Product Details

ISBN-13: 9781587142901
Publisher: Cisco Press
Publication date: 01/02/2012
Series: Networking Technology: IP Communications Series
Edition description: New Edition
Pages: 600
Product dimensions: 7.30(w) x 9.10(h) x 1.10(d)

About the Author

Rue Green, CCIE No. 9269, is a Technical Leader for the Customer Collaboration Service Line within Cisco Advanced Services focusing on Unified Contact Center architectures and deployment methodologies. He currently acts in a delivery architect role

over sighting deployment architectures for Unified CVP, Unified ICM, and Cisco Unified Communications Manager for Unified Contact Center Solutions. Rue has spent the last 21 years working within different roles covering software development to network architecture, design, and implementation for large voice and data networks. Rue has a B.S. degree in computer science and mathematics from Colorado Mesa University. He is also a dual Cisco Certified Internetwork Expert (CCIE #9269) in Routing & Switching and Voice, and a Certified Information System Security Professional (CISSP #75393). He also carries many other vendor and industry certifications such as the Microsoft Certified Systems Engineer with Exchange 2003 emphasis and the newer Microsoft Certified IT Professional: Enterprise Administrator certification on Server 2008.

Table of Contents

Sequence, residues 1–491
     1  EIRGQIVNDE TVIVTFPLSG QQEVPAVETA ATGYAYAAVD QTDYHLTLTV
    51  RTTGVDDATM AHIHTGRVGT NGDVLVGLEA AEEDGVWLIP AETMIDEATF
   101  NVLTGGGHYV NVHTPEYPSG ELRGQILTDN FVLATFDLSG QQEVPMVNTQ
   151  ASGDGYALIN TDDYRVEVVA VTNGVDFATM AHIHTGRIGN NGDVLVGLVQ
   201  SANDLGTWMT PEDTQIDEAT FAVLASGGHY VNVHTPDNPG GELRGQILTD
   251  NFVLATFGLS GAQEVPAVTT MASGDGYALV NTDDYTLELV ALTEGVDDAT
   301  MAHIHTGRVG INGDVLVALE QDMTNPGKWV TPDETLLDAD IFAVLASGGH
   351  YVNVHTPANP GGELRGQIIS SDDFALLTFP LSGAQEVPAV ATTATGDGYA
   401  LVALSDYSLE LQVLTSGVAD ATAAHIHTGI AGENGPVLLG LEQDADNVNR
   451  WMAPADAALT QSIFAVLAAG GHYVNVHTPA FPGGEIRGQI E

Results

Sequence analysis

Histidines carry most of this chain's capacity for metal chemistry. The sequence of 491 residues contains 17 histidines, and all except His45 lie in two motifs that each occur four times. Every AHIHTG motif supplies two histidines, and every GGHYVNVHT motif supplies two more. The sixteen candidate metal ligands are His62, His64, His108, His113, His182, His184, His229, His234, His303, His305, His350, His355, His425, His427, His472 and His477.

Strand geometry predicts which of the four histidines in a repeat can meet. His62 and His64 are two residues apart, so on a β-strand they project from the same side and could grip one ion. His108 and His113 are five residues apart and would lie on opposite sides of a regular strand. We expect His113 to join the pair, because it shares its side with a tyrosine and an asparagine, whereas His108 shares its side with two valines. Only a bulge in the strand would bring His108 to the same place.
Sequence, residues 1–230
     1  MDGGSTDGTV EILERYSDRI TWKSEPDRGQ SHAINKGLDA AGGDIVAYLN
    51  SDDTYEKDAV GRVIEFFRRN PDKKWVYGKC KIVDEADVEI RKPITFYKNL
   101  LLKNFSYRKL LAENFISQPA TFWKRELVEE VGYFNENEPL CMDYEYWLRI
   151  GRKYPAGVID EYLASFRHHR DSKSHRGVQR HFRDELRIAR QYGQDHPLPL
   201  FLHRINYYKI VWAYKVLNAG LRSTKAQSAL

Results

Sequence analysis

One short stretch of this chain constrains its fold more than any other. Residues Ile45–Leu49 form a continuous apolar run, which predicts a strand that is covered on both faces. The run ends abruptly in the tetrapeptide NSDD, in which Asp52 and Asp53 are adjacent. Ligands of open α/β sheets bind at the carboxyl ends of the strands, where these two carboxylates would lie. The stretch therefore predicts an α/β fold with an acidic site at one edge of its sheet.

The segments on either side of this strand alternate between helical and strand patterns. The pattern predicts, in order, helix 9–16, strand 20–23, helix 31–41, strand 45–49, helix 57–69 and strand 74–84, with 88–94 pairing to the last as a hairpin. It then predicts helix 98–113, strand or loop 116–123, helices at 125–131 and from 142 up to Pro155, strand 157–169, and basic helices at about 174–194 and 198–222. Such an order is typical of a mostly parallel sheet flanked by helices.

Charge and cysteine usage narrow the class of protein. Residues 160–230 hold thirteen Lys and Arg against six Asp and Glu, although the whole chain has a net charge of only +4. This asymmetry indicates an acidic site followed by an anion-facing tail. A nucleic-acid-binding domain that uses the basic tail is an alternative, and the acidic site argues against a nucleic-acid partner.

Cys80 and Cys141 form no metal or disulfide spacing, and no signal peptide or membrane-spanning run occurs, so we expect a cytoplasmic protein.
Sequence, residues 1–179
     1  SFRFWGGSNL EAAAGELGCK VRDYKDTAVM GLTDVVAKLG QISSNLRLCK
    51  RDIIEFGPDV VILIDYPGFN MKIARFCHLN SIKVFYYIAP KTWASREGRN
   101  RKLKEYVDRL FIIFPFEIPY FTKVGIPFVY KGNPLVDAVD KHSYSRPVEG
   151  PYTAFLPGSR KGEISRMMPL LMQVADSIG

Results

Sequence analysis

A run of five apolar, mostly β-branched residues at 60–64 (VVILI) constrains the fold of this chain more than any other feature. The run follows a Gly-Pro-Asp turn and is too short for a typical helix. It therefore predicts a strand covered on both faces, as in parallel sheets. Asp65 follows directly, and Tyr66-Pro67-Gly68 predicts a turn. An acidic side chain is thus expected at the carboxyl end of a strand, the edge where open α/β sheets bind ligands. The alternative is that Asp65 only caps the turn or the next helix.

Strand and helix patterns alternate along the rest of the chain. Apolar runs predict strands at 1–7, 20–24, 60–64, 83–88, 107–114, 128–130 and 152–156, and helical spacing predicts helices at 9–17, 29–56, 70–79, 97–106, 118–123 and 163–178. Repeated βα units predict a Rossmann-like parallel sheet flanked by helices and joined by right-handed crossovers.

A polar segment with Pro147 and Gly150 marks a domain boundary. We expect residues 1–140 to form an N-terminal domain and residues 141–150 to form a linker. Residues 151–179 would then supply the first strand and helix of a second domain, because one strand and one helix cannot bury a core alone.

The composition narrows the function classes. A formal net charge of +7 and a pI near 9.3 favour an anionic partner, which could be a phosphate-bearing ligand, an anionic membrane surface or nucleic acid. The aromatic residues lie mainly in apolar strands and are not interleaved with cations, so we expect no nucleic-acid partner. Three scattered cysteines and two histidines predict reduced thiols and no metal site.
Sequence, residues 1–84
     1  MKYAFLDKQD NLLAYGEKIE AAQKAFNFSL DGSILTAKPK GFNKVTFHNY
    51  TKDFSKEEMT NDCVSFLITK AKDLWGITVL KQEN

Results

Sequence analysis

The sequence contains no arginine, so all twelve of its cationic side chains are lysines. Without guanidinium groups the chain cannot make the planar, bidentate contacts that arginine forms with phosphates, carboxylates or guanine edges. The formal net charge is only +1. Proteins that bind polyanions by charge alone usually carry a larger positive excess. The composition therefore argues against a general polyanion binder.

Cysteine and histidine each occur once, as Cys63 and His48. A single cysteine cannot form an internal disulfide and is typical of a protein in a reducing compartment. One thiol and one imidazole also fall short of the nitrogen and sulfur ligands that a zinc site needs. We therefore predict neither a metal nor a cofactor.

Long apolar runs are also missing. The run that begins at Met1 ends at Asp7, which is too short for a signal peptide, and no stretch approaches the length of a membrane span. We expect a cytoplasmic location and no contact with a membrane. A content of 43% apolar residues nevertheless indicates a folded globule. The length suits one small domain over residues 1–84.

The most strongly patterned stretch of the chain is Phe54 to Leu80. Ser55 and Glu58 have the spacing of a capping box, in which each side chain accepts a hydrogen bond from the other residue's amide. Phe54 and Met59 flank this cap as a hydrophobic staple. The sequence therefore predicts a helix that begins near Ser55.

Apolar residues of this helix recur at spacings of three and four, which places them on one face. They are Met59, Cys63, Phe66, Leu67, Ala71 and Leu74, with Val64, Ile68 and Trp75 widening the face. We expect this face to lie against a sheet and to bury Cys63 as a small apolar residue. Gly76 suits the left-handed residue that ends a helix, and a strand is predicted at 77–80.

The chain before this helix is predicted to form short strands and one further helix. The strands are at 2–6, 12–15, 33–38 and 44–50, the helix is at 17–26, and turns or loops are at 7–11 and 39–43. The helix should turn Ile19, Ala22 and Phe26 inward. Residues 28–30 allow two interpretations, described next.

Introduction xvii

Chapter 1 Introduction to Unified Customer Voice Portal 1

The History of Unified CVP 1

What Is Unified Customer Voice Portal? 2

What Is VoiceXML? 5

Advantages of Deploying Unified CVP 7

Summary 7

Reference 8

Recommended Reading and Resources 8

Chapter 2 Unified CVP Architecture Overview 9

What Are the Unified CVP Functional Deployment Models? 9

Unified CVP Solution Overview 10

Unified CVP Architecture 12

Call Server 15

SIP Service 15

ICM Service 16

IVR Service 16

Unified CVP VoiceXML Server 17

H.323 Service 17

Unified Call Studio (Formerly Unified CVP VoiceXML Studio) 18

Unified CVP Reporting Server 18

Unified CVP Operations Console Server (Operations Console) 20

Unified CVP Non-Native Solution Components 21

Cisco Ingress Voice Gateway 22

Cisco VoiceXML Gateway 23

Cisco Egress Gateway 24

Video Endpoints 25

SIP Proxy 25

Gatekeeper 27

Unified Contact Center Enterprise (Unified CCE) 28

Cisco Unified Communications Manager (CUCM) 29

Third-Party DNS, Media and ASR/TTS Servers 31

DNS Server 32

Media Server 32

ASR/TTS Server 33

Load Balancers: CSS and ACE 34

Unified CVP Licensing 35

Types of CVP Licenses 35

Unified CVP Server-SW 36

Unified CVP Ports 36

Unified CVP Redundant Ports 37

Unified CVP Call Directors 37

Unified CVP Reporting Servers 37

Cisco Unified Call Studio 38

Licensing Native Unified CVP Components 38

Unified CVP Call Server 38

Unified CVP VoiceXML Server 39

Cisco Unified Call Studio 39

Unified CVP Reporting Server 40

Determining What You Need 40

Sizing Unified CVP Server Licenses 40

Sizing Unified CVP Port Licenses 41

Sizing Unified CVP Redundant Port Licenses 41

Sizing Unified CVP Call Director Licenses 42

Unified CVP Licensing Use Cases 43

Use Case 1: CVP Co-Resident Call Server+VoiceXML Servers and Unified CCE Agents 43

Use Case 2: CVP Standalone 44

Summary 44

References 44

Recommended Readings and Resources 45

Chapter 3 Functional Deployment Models and Call Flows 47

Functional Deployment Models 47

Standalone Model 47

Component and Protocol-Level Call Flow 48

Call Flow Ladder Diagram 53

Transfers and Subsequent Call Control 54